Sunday, December 16, 2012

Using HIV Drugs for Staphylococcus aureus Infections?

Staphylococcus aureus (
Here is an interesting article by Alonzo et al just published in Nature looking at the pore-forming toxin "leukotoxin ED" (LukED) secreted by many Staphylococcus aureus bacteria. Pore-forming toxins create channels in human cells that disrupt cell function and ultimately lead to cell death.

These authors found that a receptor on human T cells, CCR5, which also happens to be a co-receptor for HIV entrance into T cells, is required for LukED activity.

This is interesting in that we already have a drug (maraviroc) used to treat HIV that blocks the CCR5 receptor, thereby disrupting HIV's ability to gain entrance into human T cells. Alonzo et al found that maroviroc disrupted LukED killing of T cells in vitro. These authors used an in vivo model looking at LukED's effect on mice with and without the CCR5 receptor and found mice with the receptor were more likely to die (the implication being LukED cytotoxicity is dependent to a large extent on the CCR5 receptor).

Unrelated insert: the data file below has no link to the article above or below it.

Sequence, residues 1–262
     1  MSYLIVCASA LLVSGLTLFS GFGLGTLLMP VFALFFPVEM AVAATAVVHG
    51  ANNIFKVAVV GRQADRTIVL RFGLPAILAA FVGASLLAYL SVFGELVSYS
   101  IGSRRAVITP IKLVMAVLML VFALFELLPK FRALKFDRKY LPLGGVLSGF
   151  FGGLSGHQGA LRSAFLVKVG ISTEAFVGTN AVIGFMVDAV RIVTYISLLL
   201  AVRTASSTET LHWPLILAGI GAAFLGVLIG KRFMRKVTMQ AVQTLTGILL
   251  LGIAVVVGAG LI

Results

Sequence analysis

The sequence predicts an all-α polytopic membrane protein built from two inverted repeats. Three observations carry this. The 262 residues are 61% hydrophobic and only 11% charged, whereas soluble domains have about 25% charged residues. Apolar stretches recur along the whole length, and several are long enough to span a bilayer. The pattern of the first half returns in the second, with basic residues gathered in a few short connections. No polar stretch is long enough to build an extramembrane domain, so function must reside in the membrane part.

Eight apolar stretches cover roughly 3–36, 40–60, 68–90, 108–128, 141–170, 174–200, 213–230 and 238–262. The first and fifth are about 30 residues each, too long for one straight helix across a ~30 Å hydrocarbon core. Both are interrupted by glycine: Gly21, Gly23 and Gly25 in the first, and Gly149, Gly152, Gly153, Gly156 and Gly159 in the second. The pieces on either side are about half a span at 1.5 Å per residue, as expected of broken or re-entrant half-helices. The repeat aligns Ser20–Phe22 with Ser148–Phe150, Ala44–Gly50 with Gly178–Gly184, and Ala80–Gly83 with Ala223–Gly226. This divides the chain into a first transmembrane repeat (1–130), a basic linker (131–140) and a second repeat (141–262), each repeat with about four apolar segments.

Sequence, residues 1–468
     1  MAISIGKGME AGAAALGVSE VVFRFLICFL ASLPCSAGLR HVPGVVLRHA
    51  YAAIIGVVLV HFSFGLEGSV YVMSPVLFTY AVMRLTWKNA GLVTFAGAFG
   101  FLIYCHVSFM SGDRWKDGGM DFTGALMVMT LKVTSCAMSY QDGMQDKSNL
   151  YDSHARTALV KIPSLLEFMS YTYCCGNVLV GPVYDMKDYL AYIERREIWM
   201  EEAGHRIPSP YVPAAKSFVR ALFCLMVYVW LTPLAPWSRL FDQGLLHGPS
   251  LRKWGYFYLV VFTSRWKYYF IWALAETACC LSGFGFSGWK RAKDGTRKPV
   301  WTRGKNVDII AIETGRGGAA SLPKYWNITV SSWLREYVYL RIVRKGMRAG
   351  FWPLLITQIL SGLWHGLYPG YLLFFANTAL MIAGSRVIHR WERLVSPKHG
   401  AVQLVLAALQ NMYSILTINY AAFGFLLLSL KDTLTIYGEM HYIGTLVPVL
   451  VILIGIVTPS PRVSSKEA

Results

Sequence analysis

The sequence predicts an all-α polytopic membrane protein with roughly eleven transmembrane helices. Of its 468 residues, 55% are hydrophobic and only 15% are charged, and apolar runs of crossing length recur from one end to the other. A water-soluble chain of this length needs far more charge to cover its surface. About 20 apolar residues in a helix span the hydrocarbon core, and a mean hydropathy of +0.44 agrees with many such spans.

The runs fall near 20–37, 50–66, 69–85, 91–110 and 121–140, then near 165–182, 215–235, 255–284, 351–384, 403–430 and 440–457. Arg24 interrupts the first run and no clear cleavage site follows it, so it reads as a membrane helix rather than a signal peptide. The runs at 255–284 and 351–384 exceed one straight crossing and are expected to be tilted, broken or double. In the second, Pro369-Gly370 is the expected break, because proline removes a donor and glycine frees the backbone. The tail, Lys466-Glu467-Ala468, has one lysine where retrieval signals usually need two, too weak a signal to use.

Not all Staphlococcus aureus isolates harbor the LukeED toxin, and it is not clear if these study findings will translate into real benefits in humans. However, Staphlococcus aureus is a major cause of morbidity and mortality globally, and the above study opens up intriguing new treatment possibilities that may aid in treating these serious infections. More research is warranted. 

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